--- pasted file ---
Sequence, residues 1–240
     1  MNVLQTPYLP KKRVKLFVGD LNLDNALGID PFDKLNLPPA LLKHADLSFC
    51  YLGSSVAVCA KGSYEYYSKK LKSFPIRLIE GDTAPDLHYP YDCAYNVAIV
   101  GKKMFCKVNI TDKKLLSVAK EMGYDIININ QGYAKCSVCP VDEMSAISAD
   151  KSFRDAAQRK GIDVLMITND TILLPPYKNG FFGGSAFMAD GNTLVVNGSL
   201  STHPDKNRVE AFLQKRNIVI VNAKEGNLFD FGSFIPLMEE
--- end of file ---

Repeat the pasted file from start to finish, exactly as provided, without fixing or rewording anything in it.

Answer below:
Sequence, residues 1–240
     1  MNVLQTPYLP KKRVKLFVGD LNLDNALGID PFDKLNLPPA LLKHADLSFC
    51  YLGSSVAVCA KGSYEYYSKK LKSFPIRLIE GDTAPDLHYP YDCAYNVAIV
   101  GKKMFCKVNI TDKKLLSVAK EMGYDIININ QGYAKCSVCP VDEMSAISAD
   151  KSFRDAAQRK GIDVLMITND TILLPPYKNG FFGGSAFMAD GNTLVVNGSL
   201  STHPDKNRVE AFLQKRNIVI VNAKEGNLFD FGSFIPLMEE